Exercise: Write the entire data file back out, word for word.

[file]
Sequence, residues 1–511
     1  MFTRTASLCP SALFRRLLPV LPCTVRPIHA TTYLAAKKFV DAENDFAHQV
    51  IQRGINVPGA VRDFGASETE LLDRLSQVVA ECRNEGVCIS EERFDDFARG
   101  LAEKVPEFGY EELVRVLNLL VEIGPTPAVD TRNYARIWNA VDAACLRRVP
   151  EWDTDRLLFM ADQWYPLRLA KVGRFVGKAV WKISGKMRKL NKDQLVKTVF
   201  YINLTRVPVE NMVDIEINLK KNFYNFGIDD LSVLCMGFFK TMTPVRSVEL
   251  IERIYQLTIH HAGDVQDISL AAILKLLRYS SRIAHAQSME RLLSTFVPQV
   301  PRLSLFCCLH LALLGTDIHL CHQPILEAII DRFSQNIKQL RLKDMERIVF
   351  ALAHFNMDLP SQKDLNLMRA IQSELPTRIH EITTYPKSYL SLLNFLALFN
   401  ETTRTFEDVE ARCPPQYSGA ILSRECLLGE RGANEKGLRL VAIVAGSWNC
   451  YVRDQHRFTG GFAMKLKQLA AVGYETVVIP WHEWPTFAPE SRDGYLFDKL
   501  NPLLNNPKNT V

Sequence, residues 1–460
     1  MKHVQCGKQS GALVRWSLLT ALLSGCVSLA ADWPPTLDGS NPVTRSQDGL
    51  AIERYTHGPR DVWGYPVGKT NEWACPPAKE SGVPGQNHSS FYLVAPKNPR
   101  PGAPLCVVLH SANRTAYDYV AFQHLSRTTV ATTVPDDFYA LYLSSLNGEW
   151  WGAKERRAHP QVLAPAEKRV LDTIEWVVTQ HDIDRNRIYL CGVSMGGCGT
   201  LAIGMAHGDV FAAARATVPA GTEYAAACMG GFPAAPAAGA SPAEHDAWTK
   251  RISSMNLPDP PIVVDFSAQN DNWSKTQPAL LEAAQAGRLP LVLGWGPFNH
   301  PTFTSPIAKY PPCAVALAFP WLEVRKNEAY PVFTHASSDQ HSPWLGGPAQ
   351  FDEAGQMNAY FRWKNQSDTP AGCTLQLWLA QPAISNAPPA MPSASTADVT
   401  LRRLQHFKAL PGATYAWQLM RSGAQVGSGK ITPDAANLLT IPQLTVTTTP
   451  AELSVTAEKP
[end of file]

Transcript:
Sequence, residues 1–511
     1  MFTRTASLCP SALFRRLLPV LPCTVRPIHA TTYLAAKKFV DAENDFAHQV
    51  IQRGINVPGA VRDFGASETE LLDRLSQVVA ECRNEGVCIS EERFDDFARG
   101  LAEKVPEFGY EELVRVLNLL VEIGPTPAVD TRNYARIWNA VDAACLRRVP
   151  EWDTDRLLFM ADQWYPLRLA KVGRFVGKAV WKISGKMRKL NKDQLVKTVF
   201  YINLTRVPVE NMVDIEINLK KNFYNFGIDD LSVLCMGFFK TMTPVRSVEL
   251  IERIYQLTIH HAGDVQDISL AAILKLLRYS SRIAHAQSME RLLSTFVPQV
   301  PRLSLFCCLH LALLGTDIHL CHQPILEAII DRFSQNIKQL RLKDMERIVF
   351  ALAHFNMDLP SQKDLNLMRA IQSELPTRIH EITTYPKSYL SLLNFLALFN
   401  ETTRTFEDVE ARCPPQYSGA ILSRECLLGE RGANEKGLRL VAIVAGSWNC
   451  YVRDQHRFTG GFAMKLKQLA AVGYETVVIP WHEWPTFAPE SRDGYLFDKL
   501  NPLLNNPKNT V

Sequence, residues 1–460
     1  MKHVQCGKQS GALVRWSLLT ALLSGCVSLA ADWPPTLDGS NPVTRSQDGL
    51  AIERYTHGPR DVWGYPVGKT NEWACPPAKE SGVPGQNHSS FYLVAPKNPR
   101  PGAPLCVVLH SANRTAYDYV AFQHLSRTTV ATTVPDDFYA LYLSSLNGEW
   151  WGAKERRAHP QVLAPAEKRV LDTIEWVVTQ HDIDRNRIYL CGVSMGGCGT
   201  LAIGMAHGDV FAAARATVPA GTEYAAACMG GFPAAPAAGA SPAEHDAWTK
   251  RISSMNLPDP PIVVDFSAQN DNWSKTQPAL LEAAQAGRLP LVLGWGPFNH
   301  PTFTSPIAKY PPCAVALAFP WLEVRKNEAY PVFTHASSDQ HSPWLGGPAQ
   351  FDEAGQMNAY FRWKNQSDTP AGCTLQLWLA QPAISNAPPA MPSASTADVT
   401  LRRLQHFKAL PGATYAWQLM RSGAQVGSGK ITPDAANLLT IPQLTVTTTP
   451  AELSVTAEKP